- January 1, 2001 , Quasar
- Role: author
- Purchase Online
Pier Luigi Tucci
Pier Luigi Tucci joined the History of Art Department in 2010, after 10 years of teaching in Italy and in the United Kingdom.
Tucci is the author of a book on the reuse of ancient reliefs and inscriptions in 15th-century Rome. He published several articles on Roman art and architecture in peer-reviewed international journals (the American Journal of Archaeology, the Journal of Roman Archaeology, the Memoirs of the American Academy in Rome, the Papers of the British School at Rome, and the Mélanges de l’École Française de Rome-Antiquité).
Tucci is a registered architect (Ordine degli Architetti di Roma) and a corresponding member of the Pontificia Accademia Romana di Archeologia. He is also a consultant for the “GIS Forma Urbis Romae Project” (University of Oregon, Departments of Architecture and Geography, InfoGraphics Lab).
Pier Luigi Tucci’s research interests cross the boundaries between classics, archaeology, history of architecture, and art history, and include the influence of Greece on Roman art and architecture, Late Antiquity, the “conversion” of pagan buildings into Christian basilicas, the display of spolia in the Middle Ages and in the Renaissance. In Rome he discovered the Republican temple of Neptune, as well as a domus and other previously unknown buildings on the Capitoline hill. He has identified and discussed several fragments of the Severan Marble Plan of Rome.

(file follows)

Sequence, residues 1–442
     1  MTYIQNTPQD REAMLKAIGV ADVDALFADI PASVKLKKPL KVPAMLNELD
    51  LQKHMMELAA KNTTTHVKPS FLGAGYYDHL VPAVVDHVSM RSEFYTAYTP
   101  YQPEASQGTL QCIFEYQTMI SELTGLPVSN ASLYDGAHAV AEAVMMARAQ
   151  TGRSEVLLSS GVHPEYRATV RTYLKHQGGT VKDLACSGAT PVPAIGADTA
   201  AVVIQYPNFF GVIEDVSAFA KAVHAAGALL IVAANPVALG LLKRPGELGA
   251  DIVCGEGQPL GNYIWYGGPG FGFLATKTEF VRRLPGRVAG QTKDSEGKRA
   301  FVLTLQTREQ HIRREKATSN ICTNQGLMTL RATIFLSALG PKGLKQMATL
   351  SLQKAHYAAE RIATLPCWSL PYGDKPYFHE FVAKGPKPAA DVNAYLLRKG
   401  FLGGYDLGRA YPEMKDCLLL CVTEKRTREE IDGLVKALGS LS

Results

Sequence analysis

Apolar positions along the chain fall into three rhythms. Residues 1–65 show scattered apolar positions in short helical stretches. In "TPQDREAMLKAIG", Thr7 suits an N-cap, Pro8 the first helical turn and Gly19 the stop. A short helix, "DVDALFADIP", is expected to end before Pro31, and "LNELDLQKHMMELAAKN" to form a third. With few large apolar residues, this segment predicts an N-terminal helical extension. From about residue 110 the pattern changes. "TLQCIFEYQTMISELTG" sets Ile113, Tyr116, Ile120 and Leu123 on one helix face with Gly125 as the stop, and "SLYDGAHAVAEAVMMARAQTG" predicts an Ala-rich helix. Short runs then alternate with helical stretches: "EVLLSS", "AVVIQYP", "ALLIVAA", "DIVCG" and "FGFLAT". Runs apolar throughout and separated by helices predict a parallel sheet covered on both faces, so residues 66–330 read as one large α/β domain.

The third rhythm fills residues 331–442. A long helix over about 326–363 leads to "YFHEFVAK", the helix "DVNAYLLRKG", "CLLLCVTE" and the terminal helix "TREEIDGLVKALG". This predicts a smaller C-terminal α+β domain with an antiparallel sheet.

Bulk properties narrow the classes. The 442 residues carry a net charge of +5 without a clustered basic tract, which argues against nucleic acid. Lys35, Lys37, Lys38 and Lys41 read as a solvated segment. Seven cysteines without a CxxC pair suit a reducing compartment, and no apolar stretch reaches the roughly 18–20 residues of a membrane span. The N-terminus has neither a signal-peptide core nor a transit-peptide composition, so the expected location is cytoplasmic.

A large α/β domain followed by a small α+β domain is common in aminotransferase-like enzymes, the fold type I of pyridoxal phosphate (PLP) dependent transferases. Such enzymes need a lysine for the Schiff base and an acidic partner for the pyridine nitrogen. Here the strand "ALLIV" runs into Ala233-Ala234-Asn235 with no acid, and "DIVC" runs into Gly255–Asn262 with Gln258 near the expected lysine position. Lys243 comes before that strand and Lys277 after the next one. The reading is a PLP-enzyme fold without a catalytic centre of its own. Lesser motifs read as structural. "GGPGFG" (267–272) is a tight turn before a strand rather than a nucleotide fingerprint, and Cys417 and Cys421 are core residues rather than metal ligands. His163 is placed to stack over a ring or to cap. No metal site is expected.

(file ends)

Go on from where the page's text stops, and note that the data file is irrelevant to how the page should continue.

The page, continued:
Before coming to Johns Hopkins University in 2010, Pier Luigi Tucci taught in Italy (University of Pisa) and in the United Kingdom (Exeter and London). In the History of Art Department he is developing new interdisciplinary courses on the analysis and interpretation of material and visual culture concerning the interrelated fields of Roman art and architecture.
Pier Luigi Tucci’s articles on Roman art and architecture have been published in a Archeologia Classica, the Journal of Roman Archaeology, the Papers of the British School at Rome, the Memoirs of the American Academy in Rome, the Mélanges de l’École Française de Rome-Antiquité, and the American Journal of Archaeology.
In 2001 Tucci published Laurentius Manlius. La riscoperta dell’antica Roma, la nuova Roma di Sisto IV (Rome 2001; Quaderni di Eutopia. Commentarii Novi de Antiquitatibus Totius Europae 3). His next book deals with the Templum Pacis in Rome. Tucci has been able to examine the design, significance, and function of this complex as a whole, setting it within the context of early imperial and late-antique architecture. His focus is on the “conversion” of the bibliotheca Pacis into a Constantinian audience hall, and eventually into a Christian basilica dedicated to Cosmas and Damian by Pope Felix IV (526-530). He is also working on a research project which aims at exploring the ‘metamorphosis’ of the Capitoline hill from the foundation of Rome through the Middle Ages, until the construction of the Monument to King Victor Emmanuel II at the end of the 19th century.